Jeffrey A. Schaler, Ph.D.

Addiction Is a Choice, by Jeffrey A. Schaler, Ph.D. Open Court, 2000, 179 pages.

Hooked on Addiction

By Jeff Riggenbach

Liberty Magazine
September, 2000, pages 65-66

Most people who oppose the War on Drugs - including, alas, most libertarians - never question the propaganda that is used to justify it. "Yes," they say, "it's true: drug use destroys the user's health and, not infrequently, his entire life. We stipulate to that. But, after all, people have a right to destroy themselves." Or, alternately, they say, "But, after all, the results of attempting to prohibit these drugs are even worse than the (undeniably horrible) effects of the drugs themselves."

The question is whether the effects of drugs like marijuana, cocaine, or heroin really are all that horrible. And the answer is no, they aren't. The history of the War on Drugs, which goes back more than a hundred years to the first drug prohibition laws adopted in San Francisco and other localities in the late 19th century, is overgrown with the exaggerations, oversimplifications, and outright lies of anti-drug propagandists. The result is a tangled thicket of mostly baseless myths. Anyone interested in the truth about "dangerous drugs" and the American war to stamp them out must hack his way through the thicket in order to find the truth. There's the myth of "addiction," the myth of the "heroin overdose death," the myth that "drugs cause crime," the myth that "drugs cause poverty and ill health," and the myth of "drug treatment," to name just a few of the more pernicious.

Jeffrey Schaler, a psychologist in private practice who counts teaching posts at American University and Johns Hopkins among his academic credits, explodes two of these myths: "addiction" and "drug treatment." Anyone who labors under the delusion that drug addicts are helpless to control or change their bad habits without "drug treatment" desperately needs to read his new book Addiction Is a Choice.

Schaler begins his line of inquiry by asking the fundamental question, "What is addiction?" He answers that until about two hundred years ago, the word "addiction" was universally understood in English-speaking countries to mean "commitment, dedication, devotion, inclination, bent, or attachment." He beings his Introduction and eleven of his thirteen chapters with quotations, many of them charming, from writers of the 16th through 19th centuries. In each quotation, the word "addiction" is used in its original sense. Thus we read of addiction to virginity, to melancholy, to the dance, to hot countries, to sports, to other people's money (written, not surprisingly, of members of the ruling class), and, inevitably, to vice.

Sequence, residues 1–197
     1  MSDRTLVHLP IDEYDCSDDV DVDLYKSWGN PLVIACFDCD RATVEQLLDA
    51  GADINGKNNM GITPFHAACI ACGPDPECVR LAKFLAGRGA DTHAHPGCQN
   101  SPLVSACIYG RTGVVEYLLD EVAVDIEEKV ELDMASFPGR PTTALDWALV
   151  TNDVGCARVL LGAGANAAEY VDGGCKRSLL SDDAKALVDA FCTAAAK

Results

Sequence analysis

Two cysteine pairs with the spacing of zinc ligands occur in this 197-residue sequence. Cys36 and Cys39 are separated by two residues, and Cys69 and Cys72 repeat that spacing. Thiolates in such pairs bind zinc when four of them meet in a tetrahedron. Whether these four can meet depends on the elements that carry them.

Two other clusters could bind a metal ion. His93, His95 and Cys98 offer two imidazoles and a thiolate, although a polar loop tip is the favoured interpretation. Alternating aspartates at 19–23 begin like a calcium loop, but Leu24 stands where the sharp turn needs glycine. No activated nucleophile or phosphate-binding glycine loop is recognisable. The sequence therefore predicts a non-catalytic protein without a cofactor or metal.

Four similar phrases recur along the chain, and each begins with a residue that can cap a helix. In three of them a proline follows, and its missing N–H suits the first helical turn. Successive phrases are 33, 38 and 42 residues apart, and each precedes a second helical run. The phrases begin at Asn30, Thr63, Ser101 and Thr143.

In the late 18th and early 19th centuries, Schaler explains, activists and writers in the Temperance Movement (and certain medical doctors too - the American Benjamin Rush and the Scot Thomas Trotters among them) began speaking of addiction as something quite different. Now, suddenly, one was addicted, not to, say drunkenness, but to alcohol itself. And this addiction was to be looked upon as a disease, from which the addict was suffering.

Schaler writes:

"Neither Rush nor Trotter offered scientific evidence to support this new claim, but Rush was a powerful rhetorician and exerted an influence on public opinion. The newly invented medical language grew to be accepted as fact."

Schaler examines this new theory, which he calls the "disease model," in detail. "If addiction is a disease," he writes, "it's either a bodily or a mental disease." There is a problem with regarding addiction as a physical disease, however. It doesn't have the right characteristics. As Schaler puts it, "pathology . . . requires an identifiable alteration in bodily tissue, a change in the cells of the body, for disease classification." This is the reason that "a simple test of a true physical disease is whether it can be shown to exist in a corpse. There are no bodily signs of addiction itself (as opposed to its effects) that can be identified in a dead body. Addiction is therefore not listed in standard pathology textbooks."